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The London Institute for Contemporary Christianity

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Nathanael’s A-Level Algorithm

The furore and subsequent U-Turn over A-Level and GCSE results being allocated by algorithm have dominated headlines this week.

Instead of students’ results being decided by their exam performance, grades were to be determined by a projection. The calculation included – amongst other things – factors such as their school’s historic record. Whether intended or not, the outcome saw those from disadvantaged backgrounds more likely to have their marks downgraded than students from wealthier areas.

The driving force behind the understandable anger at this situation revealed something which gets to the very core of human desire. Students didn’t want their grades determined for them by an algorithm. They wanted to be seen and judged for who they are and what they have produced.

Jesus himself experiences a crude version of this algorithm. In John 1, having answered Jesus’ call to follow him, Philip finds Nathanael and tells him Jesus is the one about whom Moses and the prophets wrote. ‘He’s Joseph’s son – from Nazareth.’ Nathanael famously retorts ‘Nazareth! Can anything good come from there?’ (John 1:46).

Knowing who Jesus is and all he achieved, we know to roll our eyes at Nathanael’s naivety. But were it not for a very public climb down, Nathanael’s eye roll-inducing thought pattern would have informed the outcomes of thousands of students across the country. ‘Do you seriously think that someone from Nazareth would achieve the high grades predicted for them?’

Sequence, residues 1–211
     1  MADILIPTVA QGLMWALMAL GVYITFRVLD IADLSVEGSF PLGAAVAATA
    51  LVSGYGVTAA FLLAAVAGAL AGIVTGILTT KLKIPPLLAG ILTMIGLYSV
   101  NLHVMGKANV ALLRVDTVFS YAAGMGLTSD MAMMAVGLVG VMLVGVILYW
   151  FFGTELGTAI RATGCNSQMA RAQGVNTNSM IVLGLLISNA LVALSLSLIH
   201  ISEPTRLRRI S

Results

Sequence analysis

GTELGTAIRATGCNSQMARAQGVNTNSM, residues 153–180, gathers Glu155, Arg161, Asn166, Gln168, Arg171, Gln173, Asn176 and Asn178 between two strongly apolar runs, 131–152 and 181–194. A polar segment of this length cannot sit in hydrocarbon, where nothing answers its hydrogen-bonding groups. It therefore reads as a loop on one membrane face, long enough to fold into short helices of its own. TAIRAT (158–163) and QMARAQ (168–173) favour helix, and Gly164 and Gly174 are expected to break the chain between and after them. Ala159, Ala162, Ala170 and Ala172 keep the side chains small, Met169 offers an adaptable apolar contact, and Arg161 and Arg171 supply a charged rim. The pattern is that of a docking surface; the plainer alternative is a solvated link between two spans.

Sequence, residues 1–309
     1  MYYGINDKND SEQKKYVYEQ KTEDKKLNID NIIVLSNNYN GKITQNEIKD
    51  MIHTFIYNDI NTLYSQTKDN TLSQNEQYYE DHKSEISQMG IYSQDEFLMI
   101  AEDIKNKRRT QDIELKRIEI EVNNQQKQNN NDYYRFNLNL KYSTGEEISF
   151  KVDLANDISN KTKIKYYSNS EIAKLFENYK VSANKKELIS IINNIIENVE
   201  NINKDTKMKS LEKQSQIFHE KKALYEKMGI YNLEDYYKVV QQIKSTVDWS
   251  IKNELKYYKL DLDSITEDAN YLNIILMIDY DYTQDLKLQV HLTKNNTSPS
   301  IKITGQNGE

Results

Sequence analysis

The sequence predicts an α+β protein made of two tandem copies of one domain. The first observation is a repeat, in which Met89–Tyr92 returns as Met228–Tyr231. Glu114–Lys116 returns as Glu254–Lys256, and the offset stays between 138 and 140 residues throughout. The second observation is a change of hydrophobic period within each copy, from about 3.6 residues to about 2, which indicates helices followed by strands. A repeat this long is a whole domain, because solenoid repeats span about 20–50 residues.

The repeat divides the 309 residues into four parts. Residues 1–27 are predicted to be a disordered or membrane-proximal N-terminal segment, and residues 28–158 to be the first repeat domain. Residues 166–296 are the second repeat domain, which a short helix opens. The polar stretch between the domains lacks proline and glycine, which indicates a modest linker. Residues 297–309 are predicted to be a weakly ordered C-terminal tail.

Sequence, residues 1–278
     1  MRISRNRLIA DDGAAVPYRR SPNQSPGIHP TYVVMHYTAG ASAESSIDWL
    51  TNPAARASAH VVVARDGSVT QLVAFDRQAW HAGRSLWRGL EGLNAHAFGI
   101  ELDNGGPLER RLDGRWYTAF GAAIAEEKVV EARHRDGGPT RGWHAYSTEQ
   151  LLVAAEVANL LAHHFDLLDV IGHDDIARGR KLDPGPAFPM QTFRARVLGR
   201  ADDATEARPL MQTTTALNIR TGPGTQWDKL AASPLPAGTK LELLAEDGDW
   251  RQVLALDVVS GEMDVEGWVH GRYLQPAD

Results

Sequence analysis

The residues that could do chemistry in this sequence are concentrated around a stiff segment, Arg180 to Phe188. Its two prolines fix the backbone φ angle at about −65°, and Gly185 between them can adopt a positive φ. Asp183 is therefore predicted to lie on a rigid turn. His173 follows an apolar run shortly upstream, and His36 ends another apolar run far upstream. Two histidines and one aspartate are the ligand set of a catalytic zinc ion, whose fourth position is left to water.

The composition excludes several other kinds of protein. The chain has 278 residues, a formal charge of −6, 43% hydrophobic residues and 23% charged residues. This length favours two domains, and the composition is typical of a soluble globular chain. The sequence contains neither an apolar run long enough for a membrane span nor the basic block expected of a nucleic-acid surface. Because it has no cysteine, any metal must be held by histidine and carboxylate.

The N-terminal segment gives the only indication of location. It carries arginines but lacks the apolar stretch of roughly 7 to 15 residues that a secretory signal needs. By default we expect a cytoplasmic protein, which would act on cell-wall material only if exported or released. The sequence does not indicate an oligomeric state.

Philip’s response reflects the attitude we saw from the students who had been most affected: ‘come and see.’ ‘Nathanael, if you think nothing good can come from Nazareth, come and see the brilliance of the one who has been long promised.’

If you think a school’s previous performance would accurately determine the achievement of the current cohort, come and see.

Ultimately, the government relented and reverted to using teacher-assessed grades, but the anger that this set of results has caused points to something so very precious about being known by the living God.

When it comes to exams we desire to be judged on our own merit; in Jesus we are offered something far greater. For those whose hope is in Christ, there will be no anxious waiting come the day when the world receives its final grade. For a relationship with God isn’t based on our location, family history, peer group, or our own performance, but on the death and resurrection of Jesus of Nazareth.

And it’s immensely personal. God doesn’t use an algorithm.


Chris Rousell
Student Worker at St Michael-le-Belfrey, York


  1. Great comment on a contempary issue Chris!Keep them coming!
    Rev.Liz Mills

    By Liz Mills  -  21 Aug 2020
  2. Interesting comment thanks. I work in one of the awarding bodies that tried to do our best in difficult circumstances. We are human beings and do care about students in spite of how the media may portray us.

    By Philip Hamilton  -  21 Aug 2020
  3. Thank you for this accurate comment on what has been a very volatile and sad situation. Glad that it will be resolved.

    By Winifred  -  22 Aug 2020
  4. Thank you for your commentary on this topic. I am so glad that my worth and my life is not determined by an algorithm but by a living loving God. Colossians 3: 10-11

    By Mark Oliver  -  23 Aug 2020
  5. Great link between the bible passage and the exam results.

    By Ben Bradshaw  -  24 Aug 2020

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